Are Singapore's banks turning boring again? Probably, yes. Are they making the slide into tedium worthwhile for shareholders? Maybe not.
Before the onset of the subprime crisis in the U.S., the three homegrown Singapore lenders -- DBS, Oversea-Chinese Banking Corp. and United Overseas Bank -- used to earn a humdrum 13 percent return on equity, compared with of 25 percent for large banks in Hong Kong, 20 percent in Australia and 19 percent in the U.K. Then the tables turned. While global banks had to load up on capital and drive down shareholder returns to bolster their balance sheets, strongly capitalized lenders in the Asian city-state found a great opportunity to finance China's credit bubble, as well as a red-hot property market at home.
Returns on equity of the trio last year were almost double HSBC's, and approaching six times the level for U.K. banks as a group.
The exciting times couldn't have lasted forever, and a strong indication that they are finally over came Friday morning when OCBC disclosed that its core ROE slid from 13.2 percent at the end of first quarter of 2015 to just 10.1 percent. A day earlier, UOB, the smallest of the three, announced a return on equity of 10.2 percent. DBS, the largest, will report its earnings next week, and at least one analyst is expecting a measly 10.07 percent ROE.
Even that 10 percent floor might not hold for long. Trade financing is in the doldrums. Singapore's rig builders are starved of new orders, while the city's property market is slip-sliding away because of a glut of homes and offices in a weak economy. Meanwhile, credit costs on loans to Chinese borrowers can only increase. And amid all the chatter about how China's ICBC managed to avoid a drop in quarterly profit only by thinning down provisions for bad debt, don't forget the Singaporeans: OCBC says its total allowances are 113 percent of nonperforming loans, down from 166 percent in March last year.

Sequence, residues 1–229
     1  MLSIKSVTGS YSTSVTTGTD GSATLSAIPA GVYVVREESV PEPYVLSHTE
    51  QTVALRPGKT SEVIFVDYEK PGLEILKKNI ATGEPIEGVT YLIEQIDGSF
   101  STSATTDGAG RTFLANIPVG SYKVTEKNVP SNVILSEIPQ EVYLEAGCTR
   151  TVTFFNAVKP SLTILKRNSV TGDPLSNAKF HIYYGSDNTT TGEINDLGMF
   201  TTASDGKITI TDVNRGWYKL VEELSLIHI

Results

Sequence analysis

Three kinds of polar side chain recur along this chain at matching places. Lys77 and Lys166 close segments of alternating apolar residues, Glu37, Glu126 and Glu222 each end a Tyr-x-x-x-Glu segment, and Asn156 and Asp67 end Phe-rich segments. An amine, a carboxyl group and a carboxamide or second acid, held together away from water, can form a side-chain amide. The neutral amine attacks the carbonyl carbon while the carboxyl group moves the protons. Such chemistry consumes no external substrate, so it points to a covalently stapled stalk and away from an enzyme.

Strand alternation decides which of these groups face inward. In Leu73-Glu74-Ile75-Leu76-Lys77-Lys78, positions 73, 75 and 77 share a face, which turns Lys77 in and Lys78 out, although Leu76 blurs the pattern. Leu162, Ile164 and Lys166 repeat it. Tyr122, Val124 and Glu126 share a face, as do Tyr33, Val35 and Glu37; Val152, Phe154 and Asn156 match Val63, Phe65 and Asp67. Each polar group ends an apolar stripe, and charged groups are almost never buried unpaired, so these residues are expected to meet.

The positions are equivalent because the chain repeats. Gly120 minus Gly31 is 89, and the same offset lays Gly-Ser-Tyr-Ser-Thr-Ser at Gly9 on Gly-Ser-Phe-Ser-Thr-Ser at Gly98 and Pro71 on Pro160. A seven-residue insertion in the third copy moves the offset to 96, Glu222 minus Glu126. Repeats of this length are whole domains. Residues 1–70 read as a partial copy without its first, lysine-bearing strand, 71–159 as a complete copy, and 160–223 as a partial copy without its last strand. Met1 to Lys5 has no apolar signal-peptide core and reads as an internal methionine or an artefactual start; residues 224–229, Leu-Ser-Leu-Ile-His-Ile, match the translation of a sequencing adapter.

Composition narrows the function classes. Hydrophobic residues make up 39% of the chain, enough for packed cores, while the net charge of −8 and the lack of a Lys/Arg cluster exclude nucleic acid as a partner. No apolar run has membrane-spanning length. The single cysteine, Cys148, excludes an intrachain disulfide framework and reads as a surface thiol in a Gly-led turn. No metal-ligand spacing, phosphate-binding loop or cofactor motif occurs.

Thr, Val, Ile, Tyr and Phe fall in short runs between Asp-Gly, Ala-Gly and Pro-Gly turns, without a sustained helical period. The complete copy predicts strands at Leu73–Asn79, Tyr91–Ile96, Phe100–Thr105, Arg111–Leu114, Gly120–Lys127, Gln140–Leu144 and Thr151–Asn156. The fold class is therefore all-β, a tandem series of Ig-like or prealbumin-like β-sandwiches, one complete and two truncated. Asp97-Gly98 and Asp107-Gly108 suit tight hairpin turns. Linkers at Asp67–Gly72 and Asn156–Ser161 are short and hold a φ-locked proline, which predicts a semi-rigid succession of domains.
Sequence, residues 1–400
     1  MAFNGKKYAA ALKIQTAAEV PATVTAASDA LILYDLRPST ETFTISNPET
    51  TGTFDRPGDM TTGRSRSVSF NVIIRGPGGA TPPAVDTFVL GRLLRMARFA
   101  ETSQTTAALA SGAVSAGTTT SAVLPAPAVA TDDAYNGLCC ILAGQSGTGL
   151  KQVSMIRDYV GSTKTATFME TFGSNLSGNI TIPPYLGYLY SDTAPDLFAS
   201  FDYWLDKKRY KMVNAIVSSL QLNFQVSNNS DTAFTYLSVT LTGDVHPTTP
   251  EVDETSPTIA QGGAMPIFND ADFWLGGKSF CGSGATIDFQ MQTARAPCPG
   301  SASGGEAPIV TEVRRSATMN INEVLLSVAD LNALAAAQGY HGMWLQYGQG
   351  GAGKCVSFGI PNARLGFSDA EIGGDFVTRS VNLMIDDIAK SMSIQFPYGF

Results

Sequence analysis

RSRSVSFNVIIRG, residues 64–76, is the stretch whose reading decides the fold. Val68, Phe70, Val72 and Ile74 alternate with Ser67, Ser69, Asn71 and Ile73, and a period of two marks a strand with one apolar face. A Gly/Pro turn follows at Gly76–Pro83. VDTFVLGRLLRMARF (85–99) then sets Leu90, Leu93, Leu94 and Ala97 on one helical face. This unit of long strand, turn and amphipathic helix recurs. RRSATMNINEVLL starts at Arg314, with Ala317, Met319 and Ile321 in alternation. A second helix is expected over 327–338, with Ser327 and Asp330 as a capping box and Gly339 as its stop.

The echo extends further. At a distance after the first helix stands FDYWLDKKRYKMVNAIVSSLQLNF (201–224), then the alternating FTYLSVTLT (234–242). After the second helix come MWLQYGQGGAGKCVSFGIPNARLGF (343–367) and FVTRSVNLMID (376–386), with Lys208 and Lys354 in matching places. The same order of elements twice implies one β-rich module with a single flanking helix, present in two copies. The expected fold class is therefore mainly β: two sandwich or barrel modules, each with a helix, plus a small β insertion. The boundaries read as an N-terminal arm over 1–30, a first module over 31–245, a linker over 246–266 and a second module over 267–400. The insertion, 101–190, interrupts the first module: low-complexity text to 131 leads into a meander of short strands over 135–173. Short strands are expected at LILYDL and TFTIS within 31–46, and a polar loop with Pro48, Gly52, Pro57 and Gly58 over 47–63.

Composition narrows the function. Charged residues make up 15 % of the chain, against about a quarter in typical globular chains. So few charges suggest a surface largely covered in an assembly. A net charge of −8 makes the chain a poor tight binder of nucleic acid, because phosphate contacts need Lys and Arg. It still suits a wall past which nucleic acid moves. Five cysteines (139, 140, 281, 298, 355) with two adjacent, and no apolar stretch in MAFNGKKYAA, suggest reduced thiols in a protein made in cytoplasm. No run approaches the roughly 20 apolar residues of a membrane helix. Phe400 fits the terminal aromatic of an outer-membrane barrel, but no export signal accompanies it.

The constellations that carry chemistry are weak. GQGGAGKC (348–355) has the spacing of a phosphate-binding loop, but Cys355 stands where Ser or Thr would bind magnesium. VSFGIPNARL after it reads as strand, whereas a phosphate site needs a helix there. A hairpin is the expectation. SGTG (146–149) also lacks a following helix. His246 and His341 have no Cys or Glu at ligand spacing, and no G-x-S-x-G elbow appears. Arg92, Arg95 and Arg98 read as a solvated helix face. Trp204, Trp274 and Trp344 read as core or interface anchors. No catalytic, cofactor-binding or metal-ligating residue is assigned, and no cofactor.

The city-state's banks boast strong capital positions, meaning they can ride out bad times without dizzying investors with anxiety. But a single-digit ROE is too great a sacrifice to achieve a fortress-like balance sheet. The onus is on the lenders to show that they're prepared to take a hatchet to operating expenses -- especially wage bills -- to juice up returns. Otherwise, for shareholders, the price of boredom may not be worth paying.
This column does not necessarily reflect the opinion of Bloomberg LP and its owners.
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Andy Mukherjee in Singapore at firstname.lastname@example.org
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